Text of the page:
Boys R' UsBy: Yehudit Mam
Besides a fantastic title sequence that pays homage to Hollywood landmarks, the new Entourage movie, directed, produced and written by its creator Doug Ellin, is a super-sized version of a typical episode, even as it tries to inject more drama and plot into the proceedings. What zips by in a half an hour on TV, feels a little wobbly on the big screen. Entourage the movie is a fitfully entertaining bro flick that should have been made before the cast had aged ten years (men age too, who knew?). Most of them seem a little long in the tooth for these antics.
One thing is clear: Entourage is like a giant Toys R' Us for guys. The toys include snazzy cars, snazzy homes, tons of gorgeous girls and equally gorgeous food. If the TV show was always about insane conspicuous consumption, the movie takes that up a notch or ten. L.A. has become too small for these guys. The opening scene takes place in a yacht. Just the budget for the crudités may feed a small African country.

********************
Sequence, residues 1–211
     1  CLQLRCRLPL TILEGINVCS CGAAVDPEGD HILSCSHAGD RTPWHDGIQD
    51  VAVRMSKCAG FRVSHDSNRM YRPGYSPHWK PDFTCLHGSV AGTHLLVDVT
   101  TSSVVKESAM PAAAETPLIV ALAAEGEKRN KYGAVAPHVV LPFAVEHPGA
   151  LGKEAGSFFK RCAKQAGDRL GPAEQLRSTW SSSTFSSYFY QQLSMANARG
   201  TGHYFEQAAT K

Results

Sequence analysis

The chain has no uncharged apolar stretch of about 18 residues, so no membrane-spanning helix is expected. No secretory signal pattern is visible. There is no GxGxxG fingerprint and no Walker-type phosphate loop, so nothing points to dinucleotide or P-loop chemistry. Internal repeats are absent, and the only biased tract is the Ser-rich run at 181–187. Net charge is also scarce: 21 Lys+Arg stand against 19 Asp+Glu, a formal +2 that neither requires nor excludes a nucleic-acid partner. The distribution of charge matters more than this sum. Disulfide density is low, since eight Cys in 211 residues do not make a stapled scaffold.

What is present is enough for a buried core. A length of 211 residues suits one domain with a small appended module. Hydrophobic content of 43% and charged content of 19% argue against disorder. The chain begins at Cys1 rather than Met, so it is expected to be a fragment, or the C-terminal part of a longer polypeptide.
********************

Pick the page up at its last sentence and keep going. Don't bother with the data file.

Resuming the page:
The best things in the movie, as on TV, are the characters who have stolen the show: Ari Gold (Jeremy Piven, delivering the most laughs), his long-suffering gay assistant Lloyd (Rex Lee), and loser extraordinaire Johnny Drama (the lovable Kevin Dillon). Poor, buffed up Turtle (Jerry Ferrara), Eric (Kevin Connolly) and Vincent Chase (Adrian Grenier) barely register amid all the bling. Piven and Dillon blow them off the screen.
I love the fact that Vincent Chase, the star around whom these guys congregate, is a non-entity. Here, he gets to direct his own movie, but nothing that happens to him seems to faze him, or us. He is as hollow as our crush on celebrity. As a meta cosmic joke, Vince's looks and success are irrelevant. I hope that the film he makes in the movie, seen as a masterpiece by the suits, is also meant as a joke. It looks awful.
Much of the pleasure of Entourage derives from the interaction between fictional and real celebrities, and the filmmakers spare no expense in cameo appearances. Entourage is a comedy about the inner workings of show business, so it celebrates what is rare in Hollywood: creativity over cravenness, and epic loyalty. The movie even goes all Ronald Reagan on us by championing —after all that debauchery!— family values. The message that human decency is worth considering does not seem intended as much for us mortal moviegoers, as for Vinnie Chase's and Ari Gold's Hollywood counterparts.
Everyone in Vinnie's entourage gets a heartwarming ending. But the happiest ending of them all belongs to he who most deserves it: the eternally aspiring Johnny Drama, the one underdog in that crazy town who is really worth rooting for.
LOGISTICS: Entourage, now playing.